Senior Joanne Reid led the way for CU, finishing fourth in a 15:44.2 time; Vermont's Anja Gruber had over a 10-second edge on the field in winning in 15:31.1.  Dartmouth's Mary O'Connell, who hails from Steamboat Springs, was the last racer to cross the finish in the interval start format and wound up knocking Reid off the podium.  It was still her third first-team All-America performance in the event and her fourth overall; she now has six total including two All-America nods.  She matched her previous finish which she posted as a freshman.

"It was a little painful, the skis were a little slippery, but they were fast," Reid said.  "If skis aren't fast and you want to pick slow and kicky, or fast and slippery, I'd pick fast.  I made up a lot of time on the downhills and flats.  As far as NCAA's go, I'll take it, but hopefully we'll do better Saturday.  I know I'm stronger in distance, and I like freestyle and mass starts better.  You always know where you are, you don't have to go as fast as you can, you just have to go faster than everybody else."

Freshman Maria Nordstroem claimed sixth in 16:03.3, with senior Eliska Hajkova affected the most by the conditions with a 16th place effort in 16:24.5; she won the classic title two years ago not far from here in Stowe.   Hajkova was second and Nordstroem third at the split (Reid was sixth), but both couldn't hold those early positions.

"It was hard because it's tricky, if you run out of the track, you have better grips, but snow sticks to your skis, so you can't always go as hard as you want," Nordstroem said.  "I can't complain about the skis, they weren't perfect, but that's how it goes."

"Joanne missed the podium or even second place by two seconds," Cranmer said.  "They all could've used a little more kick on their skis.  There's no question they fought hard and skied their hearts out."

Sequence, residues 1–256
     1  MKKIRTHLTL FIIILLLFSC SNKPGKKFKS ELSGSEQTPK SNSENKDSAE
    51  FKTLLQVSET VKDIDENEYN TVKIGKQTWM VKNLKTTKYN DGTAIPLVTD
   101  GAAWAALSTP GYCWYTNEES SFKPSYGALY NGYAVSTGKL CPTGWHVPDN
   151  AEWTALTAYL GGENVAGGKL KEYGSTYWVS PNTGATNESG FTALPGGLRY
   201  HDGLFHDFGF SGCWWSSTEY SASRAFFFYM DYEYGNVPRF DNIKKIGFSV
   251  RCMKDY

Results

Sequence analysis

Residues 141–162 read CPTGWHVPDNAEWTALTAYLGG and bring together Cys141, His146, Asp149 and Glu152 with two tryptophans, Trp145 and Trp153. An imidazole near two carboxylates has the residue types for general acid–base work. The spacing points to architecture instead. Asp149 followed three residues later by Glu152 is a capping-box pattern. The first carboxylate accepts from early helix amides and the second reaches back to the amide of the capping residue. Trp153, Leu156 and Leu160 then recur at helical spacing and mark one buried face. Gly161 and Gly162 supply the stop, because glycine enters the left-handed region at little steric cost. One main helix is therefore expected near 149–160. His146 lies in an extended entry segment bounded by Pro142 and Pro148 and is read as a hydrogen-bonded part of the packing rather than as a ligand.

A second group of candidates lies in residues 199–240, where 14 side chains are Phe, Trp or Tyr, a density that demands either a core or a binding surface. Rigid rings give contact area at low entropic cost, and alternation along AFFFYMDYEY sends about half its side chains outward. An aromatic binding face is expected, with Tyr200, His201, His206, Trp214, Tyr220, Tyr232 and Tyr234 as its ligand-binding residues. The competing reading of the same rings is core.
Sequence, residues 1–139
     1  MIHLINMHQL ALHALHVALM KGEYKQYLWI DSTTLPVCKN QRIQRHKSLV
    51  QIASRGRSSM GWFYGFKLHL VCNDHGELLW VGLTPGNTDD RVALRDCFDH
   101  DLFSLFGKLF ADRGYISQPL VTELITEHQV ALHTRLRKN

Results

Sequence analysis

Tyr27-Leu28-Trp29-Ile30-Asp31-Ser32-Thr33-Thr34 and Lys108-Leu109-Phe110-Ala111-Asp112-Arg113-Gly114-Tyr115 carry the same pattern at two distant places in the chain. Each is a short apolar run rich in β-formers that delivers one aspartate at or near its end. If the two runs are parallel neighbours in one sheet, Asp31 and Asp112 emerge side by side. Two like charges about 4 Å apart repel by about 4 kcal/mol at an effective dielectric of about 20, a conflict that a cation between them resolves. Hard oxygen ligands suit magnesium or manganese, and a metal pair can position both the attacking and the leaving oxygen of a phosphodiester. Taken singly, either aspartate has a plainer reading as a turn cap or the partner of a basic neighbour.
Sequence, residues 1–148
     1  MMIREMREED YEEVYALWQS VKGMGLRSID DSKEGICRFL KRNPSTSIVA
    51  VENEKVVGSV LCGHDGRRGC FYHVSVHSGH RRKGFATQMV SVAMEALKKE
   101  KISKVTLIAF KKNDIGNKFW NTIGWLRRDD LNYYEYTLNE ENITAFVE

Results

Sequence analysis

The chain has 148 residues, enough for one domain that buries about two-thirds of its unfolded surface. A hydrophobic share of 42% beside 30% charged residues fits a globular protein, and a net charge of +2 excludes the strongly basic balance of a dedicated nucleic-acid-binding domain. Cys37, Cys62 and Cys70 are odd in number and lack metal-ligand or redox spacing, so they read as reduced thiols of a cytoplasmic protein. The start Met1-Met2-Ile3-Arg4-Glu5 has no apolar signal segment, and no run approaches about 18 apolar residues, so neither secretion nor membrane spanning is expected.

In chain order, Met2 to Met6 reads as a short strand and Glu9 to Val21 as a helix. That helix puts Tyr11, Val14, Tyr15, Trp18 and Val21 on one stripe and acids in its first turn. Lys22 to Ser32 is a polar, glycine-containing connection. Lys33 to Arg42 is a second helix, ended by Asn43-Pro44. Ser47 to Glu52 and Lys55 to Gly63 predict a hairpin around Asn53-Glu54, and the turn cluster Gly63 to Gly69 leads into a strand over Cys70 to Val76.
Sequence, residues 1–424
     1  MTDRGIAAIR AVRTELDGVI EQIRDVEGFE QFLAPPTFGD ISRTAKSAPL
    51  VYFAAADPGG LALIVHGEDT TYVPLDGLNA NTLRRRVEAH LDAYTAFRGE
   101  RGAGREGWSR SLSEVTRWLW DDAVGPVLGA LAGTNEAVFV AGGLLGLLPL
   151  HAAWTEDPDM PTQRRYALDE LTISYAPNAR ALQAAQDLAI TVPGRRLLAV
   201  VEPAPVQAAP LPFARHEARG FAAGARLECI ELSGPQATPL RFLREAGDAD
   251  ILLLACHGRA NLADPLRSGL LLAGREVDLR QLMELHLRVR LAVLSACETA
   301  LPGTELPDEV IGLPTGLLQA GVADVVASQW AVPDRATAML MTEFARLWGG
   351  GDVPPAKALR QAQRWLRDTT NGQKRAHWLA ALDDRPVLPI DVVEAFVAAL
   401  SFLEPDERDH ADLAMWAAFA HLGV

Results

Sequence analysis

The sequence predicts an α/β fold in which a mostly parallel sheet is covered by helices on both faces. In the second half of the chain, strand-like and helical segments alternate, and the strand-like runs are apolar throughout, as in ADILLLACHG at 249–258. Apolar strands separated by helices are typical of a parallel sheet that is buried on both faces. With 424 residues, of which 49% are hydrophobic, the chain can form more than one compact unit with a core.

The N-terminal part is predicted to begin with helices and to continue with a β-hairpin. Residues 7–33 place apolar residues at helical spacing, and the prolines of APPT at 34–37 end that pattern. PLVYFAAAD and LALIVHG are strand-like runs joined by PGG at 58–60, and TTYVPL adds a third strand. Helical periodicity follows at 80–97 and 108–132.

"The guys did a great job, Rune winning a championship is awesome and Andreas and Gustav did about their standard," CU head coach Richard Rokos said.  "The girls had a little misfortune with the wax, they missed it by a hair, it happens, that's a part of the sport.  Joanne still finishing fourth and Maria sixth, both did a great job of fighting through it."

The slalom races are set for Friday, with the women's first run at 7 a.m. MST, followed by the men's first run at 7:45 a.m.; the second runs will follow at 9:45 a.m. and 10:30 a.m., respectively.  The freestyle races will finish off the NCAA meet on Saturday (women's 15-kilometer mass start at 8:00 a.m., men's 20k race following at 10:00 a.m.).

"Saturday on this course, the goal will be to stay up front the whole way," Oedegaard said in looking ahead to the freestyle races.  "It's turning the whole way, a lot of things can happen, there's lots of turns, lots of ice, and much you can't control, but being in front would help."

"Waxing is way easier in freestyle, there aren't 15, 20 or 100 different wax combinations you can use," Cranmer noted.  "Skis and wax are important, but nothing like it is for classical.  We will be okay.  The girls are equally as good in freestyle, the guys are maybe a little better in classical, but they should be fine.  We'll be ready."

Overall, it appears anywhere from four to seven schools will have say in what happens.  "It opens room for all kinds of speculation," Rokos said.  "For us, it is the fact that we're coming up on our strong events, slalom and skating.  It's encouraging.  We'll come prepared and fight for the best.  Slalom is usually the great equalizer, but the guys are ready, the girls are prepared as well.  Unless there's a disaster with the hill, it looks like it will be warm and soft, so everyone will have to deal with that."

NCAA Championship Team Scores (4 of 8 events)- 1. Vermont 389;  2. Colorado 368.5;  3. Utah 350;  4. Denver 328;  5. New Mexico 280;  6. Alaska-Anchorage 274.5;  7. Dartmouth 263.5;  8. New Hampshire 228.5;  9. Montana State 200;  10. Middlebury 178;  11. Northern Michigan 111; 12. Williams 60;  13. St. Lawrence 53;  14. Alaska-Fairbanks 52;  15. Colby 43;  16. Bates 23.5;  17. Harvard 22;  18. Maine-Presque Isle 15;  19. St. Michael's 11;  20. St. Scholastica 2;  21. Bowdoin 0.5.   

Men's 10K Classical (40 finishers)- 1. Rune Oedegaard, CU, 26:00.2;  2. Mats Resaland, UNM, 26:05.4;  3. Viktor Brannmark, UAA, 26:28.5;  4. Ben Lustgarten, Midd., 26:32,6;  5. Silas Talbot, Dart., 26:37.7.;  6. Miles Havlick, Utah, 26:46.2;  7. Scott Patterson, UVM, 26:46.2;  8. Lasse Molgaard-Nielsen, UAA, 26:50.6;  9. Lukas Ebner, UAA, 26:51.3;  10. Erik Soderman, NMU, 26:56.5. Other CU Finishers: 18. Andreas Hoye, 27:12.3;  21. Gustav Nordstrom, 27:32.5. 

Women's 5K Classical (40  finishers)- 1. Anja Gruber, UVM, 15:31.0;  2. Mary O'Connell, Dart., 15:42.2;  3. Marine Dusser, UAA, 15:43.0;  4. Joanne Reid, CU, 15:44.2;  5. Sloane Storey, Utah, 16:02.1;  6. Maria Nordstroem, CU, 16:03.3;  7. Annie Hart, Dart., 16:04.1;  8. Linda Davind-Malm, UVM, 16:05.7;  9. Silje Benum, DU, 16:10.0;  10. Anna Svendsen, Utah, 16:17.1.  Other CU Finisher: 16. Eliska Hajkova, 16:24.5.

(Associate SID Curtis Snyder contributed to this report.)